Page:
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The Engineer

The Life and Times of Donald F. Simmons

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Ad Astra

Ad Astra was last weekend, and I had a lot of fun this year (I usually do, but this year just rocked for me). Got caught up with a bunch of people I haven't seen in a while, enjoyed the dance, enjoyed the room parties. There weren't as many room parties this year as usual, but I got smoked meat in the Montreal Worldcon party, and chocolate cake in the Kansas City party. Spent more in the dealers room this year than in the previous three Ad Astras. Lots of good stuff at Apogee Books, some guy was selling off his vast graphics novel collection (and they were in amazingly good condition), and I got the new Karl Schroeder (Sun of Suns) from Bakka. Thanks to Aaron for lending me some cash when I couldn't get the ATM on the lobby working.

I do think attendance was a little off, likely due to all the snow we got on Thursday. All the guests got in on time, but I think a few of them were short on luggage for most of the weekend.

Was talking some more with Cory Doctorow about how to get anime fans to start reading SF and fantasy. He thinks SF fandom should start sending missionaries to anime cons. It's a problem that a lot of other fandoms out there have sprung from the SF cons, but people aren't going back and SF cons are slowly dying out. I specifically patterned Anime North after the SF con model when I started it up (and I think this has been to the con's benefit) and I'd love to see anime fans start attending SF cons. But I myself don't have the free time to devote to making this happen. If anyone out there does, let me know.

And the end-of-con nitpicking session reminded me why we don't do that at Anime North. Not that feedback isn't good and necessary, but most of what people were complaining about in that room was really juvenile stuff. "It took an hour to get here on public transit! Why isn't the con somewhere closer?". "I actually had to pay for a snack in the con suite! All the food is free at American Cons! You're insulting people!" "Me me me me me me me!" The con com spent months making all this happen and were undoubtedly exhausted after the weekend, and then they had to put up with an hour of whining from people old enough to know a lot better.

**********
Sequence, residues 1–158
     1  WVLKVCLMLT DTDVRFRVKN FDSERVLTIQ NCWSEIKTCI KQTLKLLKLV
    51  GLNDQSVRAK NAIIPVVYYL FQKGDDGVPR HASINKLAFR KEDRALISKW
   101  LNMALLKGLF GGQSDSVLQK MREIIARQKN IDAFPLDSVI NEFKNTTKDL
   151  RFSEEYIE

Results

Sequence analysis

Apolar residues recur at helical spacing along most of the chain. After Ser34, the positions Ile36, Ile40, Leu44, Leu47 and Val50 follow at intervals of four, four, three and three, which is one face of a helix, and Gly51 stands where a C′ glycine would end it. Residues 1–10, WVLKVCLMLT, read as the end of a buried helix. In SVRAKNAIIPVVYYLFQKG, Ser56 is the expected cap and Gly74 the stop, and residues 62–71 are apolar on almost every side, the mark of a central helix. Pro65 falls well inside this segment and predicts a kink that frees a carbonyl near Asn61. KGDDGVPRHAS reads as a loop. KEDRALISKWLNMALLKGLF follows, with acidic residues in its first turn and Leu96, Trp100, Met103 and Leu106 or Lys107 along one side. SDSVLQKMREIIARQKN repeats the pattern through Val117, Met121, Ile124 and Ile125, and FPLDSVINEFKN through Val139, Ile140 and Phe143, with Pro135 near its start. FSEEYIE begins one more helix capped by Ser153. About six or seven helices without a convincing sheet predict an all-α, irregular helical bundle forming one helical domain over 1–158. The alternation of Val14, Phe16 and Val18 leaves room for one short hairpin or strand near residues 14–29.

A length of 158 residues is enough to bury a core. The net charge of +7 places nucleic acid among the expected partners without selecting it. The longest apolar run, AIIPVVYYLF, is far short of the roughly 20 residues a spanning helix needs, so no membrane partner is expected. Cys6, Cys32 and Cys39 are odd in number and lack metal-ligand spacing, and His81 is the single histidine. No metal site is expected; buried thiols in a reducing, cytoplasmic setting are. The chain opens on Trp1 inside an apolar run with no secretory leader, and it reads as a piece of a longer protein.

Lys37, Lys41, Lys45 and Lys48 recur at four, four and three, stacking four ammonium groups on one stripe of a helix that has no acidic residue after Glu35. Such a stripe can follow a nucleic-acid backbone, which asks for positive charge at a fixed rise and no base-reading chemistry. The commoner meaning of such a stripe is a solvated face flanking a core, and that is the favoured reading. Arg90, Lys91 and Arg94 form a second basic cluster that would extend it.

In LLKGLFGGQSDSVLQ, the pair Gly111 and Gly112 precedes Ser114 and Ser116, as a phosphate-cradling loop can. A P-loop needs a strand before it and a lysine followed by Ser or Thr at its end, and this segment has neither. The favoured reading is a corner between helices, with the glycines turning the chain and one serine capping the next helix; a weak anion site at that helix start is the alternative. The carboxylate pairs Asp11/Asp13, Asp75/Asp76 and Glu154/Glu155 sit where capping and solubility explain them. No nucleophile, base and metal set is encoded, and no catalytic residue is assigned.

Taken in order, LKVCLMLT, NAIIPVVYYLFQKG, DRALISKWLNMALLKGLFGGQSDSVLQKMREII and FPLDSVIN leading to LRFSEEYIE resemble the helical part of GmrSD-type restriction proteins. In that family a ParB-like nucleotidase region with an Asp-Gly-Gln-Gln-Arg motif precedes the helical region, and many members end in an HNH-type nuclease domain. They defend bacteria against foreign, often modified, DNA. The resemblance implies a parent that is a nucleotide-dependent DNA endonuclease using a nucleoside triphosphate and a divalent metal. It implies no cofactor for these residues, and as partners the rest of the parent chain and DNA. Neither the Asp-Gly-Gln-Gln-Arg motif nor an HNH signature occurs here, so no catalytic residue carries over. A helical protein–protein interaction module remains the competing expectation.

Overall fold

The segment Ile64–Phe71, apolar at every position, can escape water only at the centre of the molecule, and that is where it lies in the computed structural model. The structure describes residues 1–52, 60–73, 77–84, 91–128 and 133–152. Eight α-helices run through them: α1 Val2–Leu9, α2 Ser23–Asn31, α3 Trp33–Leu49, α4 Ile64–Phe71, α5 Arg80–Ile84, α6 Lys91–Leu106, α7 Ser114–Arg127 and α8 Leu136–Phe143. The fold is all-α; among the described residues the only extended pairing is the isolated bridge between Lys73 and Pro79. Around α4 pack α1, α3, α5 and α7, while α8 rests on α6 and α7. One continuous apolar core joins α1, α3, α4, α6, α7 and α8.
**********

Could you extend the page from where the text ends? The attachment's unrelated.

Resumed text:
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Actually, SF cons aren't "dying out". The better cons are getting bigger every year. Cons like Balticon and Arisia are having to restrict at-door memberships because they are filling the largest hotels in their areas.

Unfortunately, Ad Astra has a bad reputation as an elitist con which is run for the benefit of the concom, not the membership. The crappy con suite compared to the over-plush green room (for concom and panelists only) sticks out like a sore thumb to a lot of people. A lot of people think the con suite should be a hospitality lounge which offers hospitality. There are questions about where the money is being spent at this convention.

The hotel is also in a very bad location. There are no amenities within walking distance. This makes it very hard on low-budget fans. (Microwave or no, the con suite isn't a serious option for an actual meal.)

Unfortunately, there are people on the concom who think their way is the only way, because they don't see how SF conventions outside Toronto are run.

The committee has made improvements in recent years. At least we have a hotel date for next year, and some guests. It was great having Cory Doctorow there, but on five weeks notice, his out-of-town fans could not arrange travel plans to come in. This was a big lost opportunity. I offered to find guests months earlier, but I couldn't convince people that getting author guests for the con was a priority.

The concom did *not* spend the time necessary to run this convention. As of October, there were no guests at all booked, and hardly any other work had been done. When I pointed out that we needed guests, I was told by the chair that if I couldn't come to meetings, he didn't want to hear my opinions. Since I have a 500-mile commute, the AGM and the Darts and Laurels panel were the only opportunities I had to speak. It's nice that people were able to pull things together on short notice, but a well-run convention takes more than a year to plan.

I attend and work on a lot of better-run conventions than this. I try to help this convention, but a lot of concom aren't interested in listening to what works elsewhere. I've had to repeat things year after year to get them to take some of the most basic and obvious steps. This seems to work, so I'm going to continue to repeat the obvious.

In two and a half weeks, I'm coming back to Toronto to work in the hospitality suite in FilkOntario, where we will be offering hospitality, including snacks and drinks, to members of the convention, because that's a convention that thinks that having the members socialize together makes for a better convention. And there is fast food across the parking lot.


Balticon this year had about 2500 attendees. Otakon (in Baltimore) does 15000 + attendees.

Arisia gets roughly 2500 attendees. Anime Boston gets 9500 attendees.

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